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Contaminated land guide for developers

This guidance is primarily for property owners and developers who want to know what information they should submit to the council's Planning Department when they apply to redevelop or significantly change the use of land or buildings which could be contaminated.

Contamination, in most cases, is likely to arise from a previous use of the site or an adjacent site that had an industrial or waste disposal activity on it at one time or another.

The presence of contamination does not necessarily present an unacceptable risk. However, risk arises when a pathway is created between a contaminant and a vulnerable receptor. The contaminant may be chemical, biological, radioactive or physical. Development can create risk by introducing new pathways and also by introducing new receptors – for example where houses are built near the site of a former landfill site producing methane.

Where development introduces a particularly sensitive use, such as houses with gardens, schools or allotments, the possibility of land contamination should always be considered. For land to be contaminated there needs to be a pollutant linkage as shown below:

Sources --> Pathway --> Receptor

Planning applications

The presence or potential presence of contamination is a material consideration when the council considers planning applications. The council wishes to ensure that no development creates or allows the continuation of unacceptable risk. The standard of remediation to be achieved is the removal of unacceptable risk, making the site suitable for its new use and ensuring that it does not cause pollution of the wider environment.

An assessment of risk should always be carried out by the developer before the planning application is submitted.

The stages for assessing risk, proposing a remediation strategy and producing evidence that the work has been carried out satisfactorily are set out below.

Where land is known to be affected by contamination or where this is likely due to past uses, developers should submit with the planning application a Desk Study (Phase 1a) Study, which is the minimum requirement. This will include desk-based research, site reconnaissance and hazard identification.  The desk study should be undertaken by a competent person.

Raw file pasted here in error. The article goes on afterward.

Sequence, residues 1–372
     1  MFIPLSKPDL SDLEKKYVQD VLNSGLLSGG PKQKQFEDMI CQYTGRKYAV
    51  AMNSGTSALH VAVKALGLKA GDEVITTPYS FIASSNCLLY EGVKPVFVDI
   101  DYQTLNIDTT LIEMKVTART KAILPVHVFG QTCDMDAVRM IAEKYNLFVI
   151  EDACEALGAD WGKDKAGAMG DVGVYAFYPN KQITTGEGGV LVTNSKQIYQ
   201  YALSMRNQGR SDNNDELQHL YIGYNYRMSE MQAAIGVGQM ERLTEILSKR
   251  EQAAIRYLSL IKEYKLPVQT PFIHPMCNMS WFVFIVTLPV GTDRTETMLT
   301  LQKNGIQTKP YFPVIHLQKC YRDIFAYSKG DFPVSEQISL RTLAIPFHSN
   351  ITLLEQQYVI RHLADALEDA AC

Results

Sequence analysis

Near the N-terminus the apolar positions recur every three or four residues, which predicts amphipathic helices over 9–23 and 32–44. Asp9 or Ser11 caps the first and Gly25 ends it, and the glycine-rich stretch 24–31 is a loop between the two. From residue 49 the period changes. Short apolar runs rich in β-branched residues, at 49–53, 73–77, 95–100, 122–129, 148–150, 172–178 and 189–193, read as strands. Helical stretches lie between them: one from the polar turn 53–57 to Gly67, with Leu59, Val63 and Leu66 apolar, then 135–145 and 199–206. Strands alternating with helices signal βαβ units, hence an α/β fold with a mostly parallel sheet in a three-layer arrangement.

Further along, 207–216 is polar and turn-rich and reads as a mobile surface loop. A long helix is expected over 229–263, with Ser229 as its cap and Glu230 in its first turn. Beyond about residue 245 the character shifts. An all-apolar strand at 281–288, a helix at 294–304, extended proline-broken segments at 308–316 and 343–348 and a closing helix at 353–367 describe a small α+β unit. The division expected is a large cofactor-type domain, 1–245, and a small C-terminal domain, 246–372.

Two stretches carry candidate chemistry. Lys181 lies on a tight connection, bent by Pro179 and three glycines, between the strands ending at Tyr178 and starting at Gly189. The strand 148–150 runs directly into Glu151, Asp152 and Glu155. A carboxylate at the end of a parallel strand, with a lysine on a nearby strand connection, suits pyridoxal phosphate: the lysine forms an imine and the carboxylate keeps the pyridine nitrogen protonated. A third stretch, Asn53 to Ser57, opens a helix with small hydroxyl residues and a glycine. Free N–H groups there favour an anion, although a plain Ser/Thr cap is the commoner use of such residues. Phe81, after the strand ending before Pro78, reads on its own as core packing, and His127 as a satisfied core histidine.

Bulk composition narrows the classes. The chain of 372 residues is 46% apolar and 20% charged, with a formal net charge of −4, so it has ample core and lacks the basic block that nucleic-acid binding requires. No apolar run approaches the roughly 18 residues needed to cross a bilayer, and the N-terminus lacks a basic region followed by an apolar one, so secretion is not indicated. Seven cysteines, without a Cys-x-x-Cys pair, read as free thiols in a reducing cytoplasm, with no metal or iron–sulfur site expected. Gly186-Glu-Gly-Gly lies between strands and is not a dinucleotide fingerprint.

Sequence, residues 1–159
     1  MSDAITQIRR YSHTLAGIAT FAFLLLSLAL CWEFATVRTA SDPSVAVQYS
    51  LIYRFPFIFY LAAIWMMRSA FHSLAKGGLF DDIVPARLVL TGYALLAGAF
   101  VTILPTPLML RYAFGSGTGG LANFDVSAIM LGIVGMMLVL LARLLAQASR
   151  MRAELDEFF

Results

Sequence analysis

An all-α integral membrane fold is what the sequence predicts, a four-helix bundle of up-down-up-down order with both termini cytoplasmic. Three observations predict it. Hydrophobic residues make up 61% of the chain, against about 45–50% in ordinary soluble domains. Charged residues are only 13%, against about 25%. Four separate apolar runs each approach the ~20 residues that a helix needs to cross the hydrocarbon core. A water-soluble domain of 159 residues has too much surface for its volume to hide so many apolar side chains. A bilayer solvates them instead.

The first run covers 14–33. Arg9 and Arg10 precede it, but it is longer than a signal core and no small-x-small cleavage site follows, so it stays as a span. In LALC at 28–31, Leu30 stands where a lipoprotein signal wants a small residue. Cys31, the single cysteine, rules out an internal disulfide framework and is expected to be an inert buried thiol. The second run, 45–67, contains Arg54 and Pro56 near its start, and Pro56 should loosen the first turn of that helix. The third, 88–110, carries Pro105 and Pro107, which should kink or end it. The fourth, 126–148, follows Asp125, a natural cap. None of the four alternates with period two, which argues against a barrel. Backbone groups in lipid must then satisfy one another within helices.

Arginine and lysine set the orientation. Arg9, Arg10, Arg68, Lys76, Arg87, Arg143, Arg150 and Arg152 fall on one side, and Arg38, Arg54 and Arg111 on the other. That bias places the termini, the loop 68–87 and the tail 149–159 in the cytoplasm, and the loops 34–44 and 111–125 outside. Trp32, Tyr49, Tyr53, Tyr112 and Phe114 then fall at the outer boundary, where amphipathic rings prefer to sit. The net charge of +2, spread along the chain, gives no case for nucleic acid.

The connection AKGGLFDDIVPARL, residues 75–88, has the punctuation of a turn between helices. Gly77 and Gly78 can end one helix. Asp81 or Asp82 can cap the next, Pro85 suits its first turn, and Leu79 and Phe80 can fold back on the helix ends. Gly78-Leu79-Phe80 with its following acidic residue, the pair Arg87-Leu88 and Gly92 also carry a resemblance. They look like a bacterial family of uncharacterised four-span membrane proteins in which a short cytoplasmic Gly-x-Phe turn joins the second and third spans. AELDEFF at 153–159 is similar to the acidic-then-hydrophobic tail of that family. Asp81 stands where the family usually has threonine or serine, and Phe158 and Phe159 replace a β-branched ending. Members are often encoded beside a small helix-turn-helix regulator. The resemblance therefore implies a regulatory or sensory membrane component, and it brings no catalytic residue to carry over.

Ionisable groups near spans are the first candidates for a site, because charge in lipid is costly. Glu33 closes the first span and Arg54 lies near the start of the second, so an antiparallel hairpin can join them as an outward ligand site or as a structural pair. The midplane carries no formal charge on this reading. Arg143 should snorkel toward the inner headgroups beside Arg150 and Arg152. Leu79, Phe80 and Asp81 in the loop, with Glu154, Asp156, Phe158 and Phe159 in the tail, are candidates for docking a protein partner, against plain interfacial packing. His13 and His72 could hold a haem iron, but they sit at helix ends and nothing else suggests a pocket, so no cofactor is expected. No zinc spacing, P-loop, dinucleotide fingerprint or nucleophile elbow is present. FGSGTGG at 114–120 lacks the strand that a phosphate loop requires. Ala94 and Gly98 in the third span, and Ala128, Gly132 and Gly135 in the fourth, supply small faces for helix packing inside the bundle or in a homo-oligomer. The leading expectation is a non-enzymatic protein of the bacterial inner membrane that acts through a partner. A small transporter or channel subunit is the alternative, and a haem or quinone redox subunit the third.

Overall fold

It is advisable for the developer to contact the council before submitting a planning application to discuss specific site details. Where significant contamination is known or suspected, additional research and risk assessment may be needed before an application can be determined. If applications cannot be approved due to a lack of information and if circumstances indicate possible unacceptable risk, planning permission may be refused. All aspects of investigations into possible land contamination should follow the guidelines within CLR11 Model Procedures for the Management of Land Contamination.

Examples of potentially contaminating uses:

  • metal processing and finishing
  • gasworks
  • oil and petroleum storage
  • manufacture of chemicals, including paints and fertilisers
  • timber treatment
  • landfill sites
  • scrap yards
  • abattoirs
  • railway or road haulage depots
  • allotment gardens
  • military land.

Use of planning conditions

There will be circumstances in which the past use of the land or buildings suggests the possibility of contamination.  However if the proposed end use of the development is not a sensitive one (i.e. not residential ora school etc), the council may impose a condition on any grant of planning permission.  Such a condition would ensure that the site is investigated and any necessary remediation is carried out before development takes place. 

Conditions may also be used where the council is satisfied that the risks are understood and that there is a remediation option but where not all the details have been resolved.

Other legislation

The aim of cleaning up land under the planning process is to achieve a minimum standard so that the site cannot be determined as 'contaminated land' under Part IIA of the Environment Protection Act 1990 . The guidance given here does not apply to the cleaning up of land under this legislation, although the information that the council would request is very similar. For details of Part 2A, please contact the Environmental Protection Team.